TWQ: Asia’s Challenged Democracies - Winter 2009
January 1, 2009
East Asian democracies are in distress. From Bangkok to Manila to Taipei to Seoul to Ulaanbaatar, democratically elected governments in the last few years have suffered inconclusive or disputed electoral outcomes, political strife, partisan gridlock, and recurring political scandals. In 2006–2007, frustrated citizens in Manila and Taipei lost confidence in democratic procedures to the point where they tried to bring down incumbent leaders through extraconstitutional demonstrations, while a crippling political crisis in Thailand in 2006 triggered a military coup.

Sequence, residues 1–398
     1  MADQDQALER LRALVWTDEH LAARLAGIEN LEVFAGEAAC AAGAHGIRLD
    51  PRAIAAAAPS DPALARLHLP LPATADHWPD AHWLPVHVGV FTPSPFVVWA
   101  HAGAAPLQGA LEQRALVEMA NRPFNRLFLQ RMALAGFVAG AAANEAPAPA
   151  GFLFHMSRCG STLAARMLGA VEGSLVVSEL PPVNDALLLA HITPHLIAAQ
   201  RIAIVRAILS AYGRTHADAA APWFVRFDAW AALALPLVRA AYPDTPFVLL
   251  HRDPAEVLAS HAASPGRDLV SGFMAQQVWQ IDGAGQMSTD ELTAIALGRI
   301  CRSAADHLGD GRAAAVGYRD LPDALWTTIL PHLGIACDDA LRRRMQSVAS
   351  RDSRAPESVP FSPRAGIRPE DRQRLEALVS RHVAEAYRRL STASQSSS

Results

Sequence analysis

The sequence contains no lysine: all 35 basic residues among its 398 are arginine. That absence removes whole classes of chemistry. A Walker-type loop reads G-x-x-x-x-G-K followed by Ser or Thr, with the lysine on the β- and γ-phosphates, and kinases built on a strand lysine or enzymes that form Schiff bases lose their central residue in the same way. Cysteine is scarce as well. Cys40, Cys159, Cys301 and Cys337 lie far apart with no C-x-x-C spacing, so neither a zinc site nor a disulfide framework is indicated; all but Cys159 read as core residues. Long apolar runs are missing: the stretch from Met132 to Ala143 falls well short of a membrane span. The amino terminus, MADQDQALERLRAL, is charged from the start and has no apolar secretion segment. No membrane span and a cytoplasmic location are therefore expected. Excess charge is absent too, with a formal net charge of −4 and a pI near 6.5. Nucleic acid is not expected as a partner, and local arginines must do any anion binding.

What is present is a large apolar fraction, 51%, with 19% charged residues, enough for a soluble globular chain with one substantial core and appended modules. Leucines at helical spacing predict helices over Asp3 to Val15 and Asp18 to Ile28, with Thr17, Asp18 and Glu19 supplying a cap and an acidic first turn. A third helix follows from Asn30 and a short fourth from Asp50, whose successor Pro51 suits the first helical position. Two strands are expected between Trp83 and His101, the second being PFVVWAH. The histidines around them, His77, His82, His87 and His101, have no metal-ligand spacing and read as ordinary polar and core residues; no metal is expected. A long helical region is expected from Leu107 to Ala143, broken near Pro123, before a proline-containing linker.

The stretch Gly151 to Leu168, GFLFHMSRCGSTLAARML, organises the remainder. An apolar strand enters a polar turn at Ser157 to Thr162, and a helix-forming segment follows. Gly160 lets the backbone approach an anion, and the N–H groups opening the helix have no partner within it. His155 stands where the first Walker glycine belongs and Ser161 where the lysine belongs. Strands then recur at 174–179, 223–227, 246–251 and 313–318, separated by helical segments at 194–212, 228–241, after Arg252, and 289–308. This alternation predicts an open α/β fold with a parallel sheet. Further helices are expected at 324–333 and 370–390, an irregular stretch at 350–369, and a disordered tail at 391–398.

What lessons are the people throughout Asia taking away from these frustrations? To assess Asian publics’ views about political dysfunction and attitudes toward local regimes and democracy, a group of scholars collectively known as the East Asia Barometer (EAB) conducted national random-sample surveys in 2002 in five new democracies (Mongolia, the Philippines, South Korea, Taiwan, and Thailand), one old one (Japan), one quasi-democracy (Hong Kong), and one authoritarian system (China). Among these eight political systems, public satisfaction with the regime is surprisingly highest in authoritarian China, lowest in democratic Japan and Taiwan, and fragile in the other new democracies. What, therefore, lies ahead for democracy in East Asia?